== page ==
San Francisco The Bush administration should drop plans to let agents eavesdrop on conversations between terrorism suspects and defense lawyers and should ease other restrictions to ensure military tribunals are fair and open, the nation's largest lawyers' organization said Tuesday.
"We must defend those whom we dislike or even despise," Miami defense lawyer Neal Sonnett told colleagues before the American Bar Assn. voted to ask the administration to change its rules for any tribunals.
The ABA's policy-making House of Delegates took no position on whether individual lawyers should participate in tribunals, although another lawyers organization, the National Association of Criminal Defense Lawyers, has already said it would be unethical to represent terrorism suspects under the current rules.
"The world will be watching us as we bring these accused terrorists to trial," Sonnett said.
The Pentagon will provide a free military lawyer to anyone brought before a tribunal, but also will allow defendants to choose outside civilian lawyers. Despite earlier misgivings about the fairness of military tribunals, it has been assumed that prominent defense lawyers would volunteer.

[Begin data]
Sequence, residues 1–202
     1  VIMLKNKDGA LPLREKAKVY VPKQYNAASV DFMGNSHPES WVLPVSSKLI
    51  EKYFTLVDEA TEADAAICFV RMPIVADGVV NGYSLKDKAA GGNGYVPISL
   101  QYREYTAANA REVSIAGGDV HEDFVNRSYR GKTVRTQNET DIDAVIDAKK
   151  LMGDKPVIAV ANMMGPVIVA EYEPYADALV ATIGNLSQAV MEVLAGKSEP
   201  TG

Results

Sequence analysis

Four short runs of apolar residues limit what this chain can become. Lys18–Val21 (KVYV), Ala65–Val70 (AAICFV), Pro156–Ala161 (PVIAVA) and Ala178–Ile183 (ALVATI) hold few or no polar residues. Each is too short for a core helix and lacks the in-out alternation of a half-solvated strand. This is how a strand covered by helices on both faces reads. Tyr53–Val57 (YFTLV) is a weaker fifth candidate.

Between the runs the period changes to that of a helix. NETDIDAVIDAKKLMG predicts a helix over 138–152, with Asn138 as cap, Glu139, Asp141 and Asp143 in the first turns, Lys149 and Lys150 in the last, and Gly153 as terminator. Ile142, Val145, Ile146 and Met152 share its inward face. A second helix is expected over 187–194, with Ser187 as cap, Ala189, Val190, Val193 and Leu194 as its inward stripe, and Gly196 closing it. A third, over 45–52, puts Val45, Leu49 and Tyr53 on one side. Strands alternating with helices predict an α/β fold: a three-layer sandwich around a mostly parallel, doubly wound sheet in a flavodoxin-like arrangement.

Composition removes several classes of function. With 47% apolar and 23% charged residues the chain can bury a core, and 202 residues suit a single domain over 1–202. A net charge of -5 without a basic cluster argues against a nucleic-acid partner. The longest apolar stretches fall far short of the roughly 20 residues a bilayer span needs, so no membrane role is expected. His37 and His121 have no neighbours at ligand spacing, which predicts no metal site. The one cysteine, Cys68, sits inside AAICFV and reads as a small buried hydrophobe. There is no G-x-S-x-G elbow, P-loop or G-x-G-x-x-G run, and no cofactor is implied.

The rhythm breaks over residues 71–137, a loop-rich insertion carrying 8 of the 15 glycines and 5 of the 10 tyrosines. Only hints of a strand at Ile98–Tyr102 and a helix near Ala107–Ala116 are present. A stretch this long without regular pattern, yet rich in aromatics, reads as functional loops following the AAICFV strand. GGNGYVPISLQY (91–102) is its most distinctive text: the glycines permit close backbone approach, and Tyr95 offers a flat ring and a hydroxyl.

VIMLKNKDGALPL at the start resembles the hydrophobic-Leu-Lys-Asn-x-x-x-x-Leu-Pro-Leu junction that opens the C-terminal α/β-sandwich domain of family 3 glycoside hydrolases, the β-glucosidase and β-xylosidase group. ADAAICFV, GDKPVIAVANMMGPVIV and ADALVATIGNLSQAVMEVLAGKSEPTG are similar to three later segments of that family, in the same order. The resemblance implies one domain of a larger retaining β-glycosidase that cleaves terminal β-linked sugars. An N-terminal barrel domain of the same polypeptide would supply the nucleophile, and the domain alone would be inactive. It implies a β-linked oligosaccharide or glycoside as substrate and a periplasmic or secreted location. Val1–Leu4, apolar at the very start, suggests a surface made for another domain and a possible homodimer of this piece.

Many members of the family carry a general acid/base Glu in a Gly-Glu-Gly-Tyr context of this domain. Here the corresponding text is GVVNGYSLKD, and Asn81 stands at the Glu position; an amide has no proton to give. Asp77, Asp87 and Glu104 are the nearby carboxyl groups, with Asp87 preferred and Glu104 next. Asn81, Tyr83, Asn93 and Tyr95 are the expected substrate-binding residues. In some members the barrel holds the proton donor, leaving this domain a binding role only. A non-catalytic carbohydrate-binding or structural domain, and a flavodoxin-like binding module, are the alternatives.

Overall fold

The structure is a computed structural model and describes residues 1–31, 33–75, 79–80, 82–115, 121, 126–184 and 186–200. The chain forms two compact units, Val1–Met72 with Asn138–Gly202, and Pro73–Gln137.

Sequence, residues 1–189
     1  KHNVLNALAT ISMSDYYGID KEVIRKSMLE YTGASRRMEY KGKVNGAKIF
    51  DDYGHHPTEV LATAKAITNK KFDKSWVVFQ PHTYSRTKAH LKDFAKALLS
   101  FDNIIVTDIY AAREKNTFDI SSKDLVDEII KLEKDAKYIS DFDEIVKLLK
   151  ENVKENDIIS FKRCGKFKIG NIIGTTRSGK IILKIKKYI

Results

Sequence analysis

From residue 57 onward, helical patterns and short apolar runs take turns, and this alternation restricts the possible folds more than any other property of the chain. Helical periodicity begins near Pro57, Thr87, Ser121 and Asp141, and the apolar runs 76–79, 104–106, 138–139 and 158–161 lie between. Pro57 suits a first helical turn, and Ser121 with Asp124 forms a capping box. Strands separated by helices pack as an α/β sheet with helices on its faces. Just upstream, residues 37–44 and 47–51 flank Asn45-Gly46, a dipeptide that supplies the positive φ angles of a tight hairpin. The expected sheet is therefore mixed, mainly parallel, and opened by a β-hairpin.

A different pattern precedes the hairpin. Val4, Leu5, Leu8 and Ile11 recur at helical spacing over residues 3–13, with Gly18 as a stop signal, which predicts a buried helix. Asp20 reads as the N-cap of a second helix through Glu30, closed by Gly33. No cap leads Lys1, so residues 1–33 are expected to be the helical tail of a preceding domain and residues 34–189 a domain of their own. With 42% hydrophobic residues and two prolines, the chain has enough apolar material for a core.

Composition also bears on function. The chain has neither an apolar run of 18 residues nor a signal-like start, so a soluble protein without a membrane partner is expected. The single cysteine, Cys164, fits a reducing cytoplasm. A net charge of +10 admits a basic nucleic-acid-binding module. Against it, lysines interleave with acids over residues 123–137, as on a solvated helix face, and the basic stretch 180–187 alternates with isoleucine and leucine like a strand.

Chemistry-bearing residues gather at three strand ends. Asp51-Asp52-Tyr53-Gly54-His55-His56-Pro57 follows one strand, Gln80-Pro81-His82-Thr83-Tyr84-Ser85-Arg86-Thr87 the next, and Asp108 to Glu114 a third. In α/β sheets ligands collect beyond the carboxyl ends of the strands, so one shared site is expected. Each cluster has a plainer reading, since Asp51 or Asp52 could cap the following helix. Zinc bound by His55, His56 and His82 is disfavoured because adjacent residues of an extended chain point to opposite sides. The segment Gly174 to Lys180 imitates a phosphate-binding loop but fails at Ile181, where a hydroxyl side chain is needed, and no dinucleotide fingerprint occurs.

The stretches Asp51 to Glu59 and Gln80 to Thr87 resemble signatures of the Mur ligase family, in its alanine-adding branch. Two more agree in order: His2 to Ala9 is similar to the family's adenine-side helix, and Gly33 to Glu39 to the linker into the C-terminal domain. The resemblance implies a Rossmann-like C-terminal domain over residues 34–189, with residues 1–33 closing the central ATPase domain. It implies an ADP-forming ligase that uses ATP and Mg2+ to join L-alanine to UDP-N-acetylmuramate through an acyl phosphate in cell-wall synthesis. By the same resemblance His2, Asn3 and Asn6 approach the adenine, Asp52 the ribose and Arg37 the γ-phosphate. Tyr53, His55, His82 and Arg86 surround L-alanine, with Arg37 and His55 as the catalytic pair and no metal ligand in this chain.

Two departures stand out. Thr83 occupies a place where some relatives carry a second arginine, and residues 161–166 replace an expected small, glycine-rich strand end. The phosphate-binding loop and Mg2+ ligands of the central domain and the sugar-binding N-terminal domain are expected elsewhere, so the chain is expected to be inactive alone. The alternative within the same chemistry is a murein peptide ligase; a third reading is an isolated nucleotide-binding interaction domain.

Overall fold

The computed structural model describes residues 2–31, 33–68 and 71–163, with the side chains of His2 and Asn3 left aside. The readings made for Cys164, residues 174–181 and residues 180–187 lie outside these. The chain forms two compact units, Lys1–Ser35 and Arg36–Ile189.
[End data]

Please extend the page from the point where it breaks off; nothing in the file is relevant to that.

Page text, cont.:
Sonnett has said he could not agree to do so unless the Pentagon changed the rules. Earlier this month the National Association of Criminal Defense Lawyers said lawyers could not fulfill their ethical duty to fully and zealously defend a suspect under the current rules.
Besides the eavesdropping rule, the ABA objected to restrictions on civilian defense lawyers' access to information and to a requirement that such lawyers pay their own travel, lodging and other expenses.
The Pentagon has insisted that security and intelligence agents must be able to listen in on attorney-client conversations but has said the information will not be used against the defendant at trial. Outside the military setting, defense lawyers assume that their conversations with clients are private.
More than 660 al-Qaida and Taliban suspects are at the military prison at Guantanamo Bay, Cuba. Though no charges have been filed, President Bush has named six candidates for a tribunal, which is a trial similar in many respects to a civilian trial but with fewer rights for defendants. The United States has not used military tribunals since World War II.